One ray of sunshine shown upon us during that 1976 trip, came before game 3. We ran into Joe DiMaggio in the lobby of our midtown hotel. We caught the elevator DiMaggio was on and exited on his floor where we somehow gained admission to a suite with many New York Yankees immortals.  Although we knew we were not invited to this event we stayed for a minute and were given a New York Yankees leather-bound address book as a memento.  Looking back, that was one of the first pieces of New York Yankee memorabilia we collected.


The Idea for the Mural

While on a trip to visit my youngest daughter in the Portland, Oregon area, we passed a beautiful mural depicting angels on the side of a 2-story building. It occurred us that cities that have large murals on walls and buildings just seemed more inviting than cities that do not. Thinking out loud, I said that Birmingham would be a more inviting place if we had murals in our downtown area. It was at that point that we began conceiving a plan to help beautify Birmingham, honor baseball, and create something that could be left to future generations and our building would be the perfect place for it.[3] My wife, Peggy, has artistic talent and began to draw likenesses of several players. I selected several iconic players whom I felt should be honored. Over several years, we interviewed approximately 15 artists before selecting Stephen A. Smith, whom we felt had the perfect vision of our project. Finally in 2012, the project took shape and we scheduled an appearance before the city’s Design Review Committee, which has the authority to accept or reject proposed projects such as ours. We prepared the necessary documents for our appearance before the committee which voted unanimously to approve our project.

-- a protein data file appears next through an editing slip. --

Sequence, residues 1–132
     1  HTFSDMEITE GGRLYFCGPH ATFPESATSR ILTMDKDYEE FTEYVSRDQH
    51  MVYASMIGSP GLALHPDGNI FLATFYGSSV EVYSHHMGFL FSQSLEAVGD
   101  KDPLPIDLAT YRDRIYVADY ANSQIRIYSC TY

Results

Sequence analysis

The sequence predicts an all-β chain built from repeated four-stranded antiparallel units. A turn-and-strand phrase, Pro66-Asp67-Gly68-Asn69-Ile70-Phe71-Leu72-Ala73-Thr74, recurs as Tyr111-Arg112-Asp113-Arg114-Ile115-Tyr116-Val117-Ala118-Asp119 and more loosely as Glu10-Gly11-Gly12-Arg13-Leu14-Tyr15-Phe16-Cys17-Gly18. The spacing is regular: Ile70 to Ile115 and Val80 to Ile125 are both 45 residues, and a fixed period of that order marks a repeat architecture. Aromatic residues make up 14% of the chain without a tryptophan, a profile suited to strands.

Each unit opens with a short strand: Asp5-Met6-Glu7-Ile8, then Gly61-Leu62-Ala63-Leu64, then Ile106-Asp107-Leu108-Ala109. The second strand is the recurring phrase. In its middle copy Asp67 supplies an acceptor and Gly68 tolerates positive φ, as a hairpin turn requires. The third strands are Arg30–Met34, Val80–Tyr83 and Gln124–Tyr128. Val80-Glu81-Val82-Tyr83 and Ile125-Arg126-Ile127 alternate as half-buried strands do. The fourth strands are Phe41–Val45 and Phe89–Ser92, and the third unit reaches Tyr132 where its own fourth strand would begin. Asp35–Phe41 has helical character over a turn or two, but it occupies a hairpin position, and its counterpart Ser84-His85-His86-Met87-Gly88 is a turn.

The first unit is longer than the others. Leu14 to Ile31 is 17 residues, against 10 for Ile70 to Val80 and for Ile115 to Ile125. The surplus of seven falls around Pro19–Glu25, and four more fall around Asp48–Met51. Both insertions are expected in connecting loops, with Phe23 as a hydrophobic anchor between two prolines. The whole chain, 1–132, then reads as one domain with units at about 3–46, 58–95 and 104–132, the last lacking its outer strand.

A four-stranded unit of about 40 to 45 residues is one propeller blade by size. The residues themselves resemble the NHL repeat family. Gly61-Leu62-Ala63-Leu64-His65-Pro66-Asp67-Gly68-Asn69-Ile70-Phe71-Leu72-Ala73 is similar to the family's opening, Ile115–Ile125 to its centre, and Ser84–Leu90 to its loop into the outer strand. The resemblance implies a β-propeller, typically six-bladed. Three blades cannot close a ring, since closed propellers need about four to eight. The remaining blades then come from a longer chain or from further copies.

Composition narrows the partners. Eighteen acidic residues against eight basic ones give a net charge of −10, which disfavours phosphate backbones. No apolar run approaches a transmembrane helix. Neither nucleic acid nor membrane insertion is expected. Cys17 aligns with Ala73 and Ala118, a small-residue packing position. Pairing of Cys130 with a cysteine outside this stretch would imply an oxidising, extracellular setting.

The result of the artist’s work is nothing short of astonishing. The mural features likenesses of Babe Ruth, Lou Gehrig, Joe DiMaggio, Mickey Mantle, Derek Jeter, and Yogi Berra. The placement of the mural dominates the cityscape on Richard Arrington Jr. Boulevard North, the primary northbound one-way street in downtown Birmingham, Alabama.

A lifetime devotion of the Wininger family to the New York Yankees, through attending games in New York and holding season tickets for the New York Yankees spring training games in Tampa for 15 years, combined with the deep emotional ties the family has with its home town of Birmingham created a perfect storm of opportunity to repay the city with a beautiful piece of work in an effort to beautify the downtown area for years to come.

Since 1964, the WLF has represented injury and wrongful death victims in the state of Alabama and adjoining states. We feel fortunate to have had great success in representing our clients and friends and, proudly, through diligence and hard work have achieved true justice for those who call us their lawyers. Please take a moment to peruse our website and learn more about our firm. If you or a loved one has been seriously injured we would be happy to talk with you about possibly representing your interests.